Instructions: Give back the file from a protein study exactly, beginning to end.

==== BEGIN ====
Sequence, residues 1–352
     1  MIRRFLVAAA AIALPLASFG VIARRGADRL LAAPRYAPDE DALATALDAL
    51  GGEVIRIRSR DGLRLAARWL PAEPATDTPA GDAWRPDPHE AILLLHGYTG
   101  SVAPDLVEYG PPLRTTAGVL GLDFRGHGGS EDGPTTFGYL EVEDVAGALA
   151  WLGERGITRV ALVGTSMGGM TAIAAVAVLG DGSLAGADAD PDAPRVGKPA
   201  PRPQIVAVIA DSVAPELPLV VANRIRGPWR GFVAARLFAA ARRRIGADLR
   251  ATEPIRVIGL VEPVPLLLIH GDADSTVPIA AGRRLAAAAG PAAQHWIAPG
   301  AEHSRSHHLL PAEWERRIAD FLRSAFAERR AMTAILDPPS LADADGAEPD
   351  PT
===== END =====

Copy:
Sequence, residues 1–352
     1  MIRRFLVAAA AIALPLASFG VIARRGADRL LAAPRYAPDE DALATALDAL
    51  GGEVIRIRSR DGLRLAARWL PAEPATDTPA GDAWRPDPHE AILLLHGYTG
   101  SVAPDLVEYG PPLRTTAGVL GLDFRGHGGS EDGPTTFGYL EVEDVAGALA
   151  WLGERGITRV ALVGTSMGGM TAIAAVAVLG DGSLAGADAD PDAPRVGKPA
   201  PRPQIVAVIA DSVAPELPLV VANRIRGPWR GFVAARLFAA ARRRIGADLR
   251  ATEPIRVIGL VEPVPLLLIH GDADSTVPIA AGRRLAAAAG PAAQHWIAPG
   301  AEHSRSHHLL PAEWERRIAD FLRSAFAERR AMTAILDPPS LADADGAEPD
   351  PT